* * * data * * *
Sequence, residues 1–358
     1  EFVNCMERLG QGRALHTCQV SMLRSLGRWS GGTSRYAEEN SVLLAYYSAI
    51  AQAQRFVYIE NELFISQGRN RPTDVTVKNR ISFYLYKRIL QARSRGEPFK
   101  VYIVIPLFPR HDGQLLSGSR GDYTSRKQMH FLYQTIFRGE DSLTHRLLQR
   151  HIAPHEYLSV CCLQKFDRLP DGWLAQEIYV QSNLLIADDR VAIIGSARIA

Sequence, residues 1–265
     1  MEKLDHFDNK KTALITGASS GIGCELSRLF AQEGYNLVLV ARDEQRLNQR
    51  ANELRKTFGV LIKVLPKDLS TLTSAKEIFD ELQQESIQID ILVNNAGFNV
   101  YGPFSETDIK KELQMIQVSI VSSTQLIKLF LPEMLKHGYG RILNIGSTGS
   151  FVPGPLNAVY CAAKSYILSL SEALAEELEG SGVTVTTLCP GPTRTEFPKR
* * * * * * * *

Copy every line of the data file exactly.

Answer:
Sequence, residues 1–358
     1  EFVNCMERLG QGRALHTCQV SMLRSLGRWS GGTSRYAEEN SVLLAYYSAI
    51  AQAQRFVYIE NELFISQGRN RPTDVTVKNR ISFYLYKRIL QARSRGEPFK
   101  VYIVIPLFPR HDGQLLSGSR GDYTSRKQMH FLYQTIFRGE DSLTHRLLQR
   151  HIAPHEYLSV CCLQKFDRLP DGWLAQEIYV QSNLLIADDR VAIIGSARIA

Sequence, residues 1–265
     1  MEKLDHFDNK KTALITGASS GIGCELSRLF AQEGYNLVLV ARDEQRLNQR
    51  ANELRKTFGV LIKVLPKDLS TLTSAKEIFD ELQQESIQID ILVNNAGFNV
   101  YGPFSETDIK KELQMIQVSI VSSTQLIKLF LPEMLKHGYG RILNIGSTGS
   151  FVPGPLNAVY CAAKSYILSL SEALAEELEG SGVTVTTLCP GPTRTEFPKR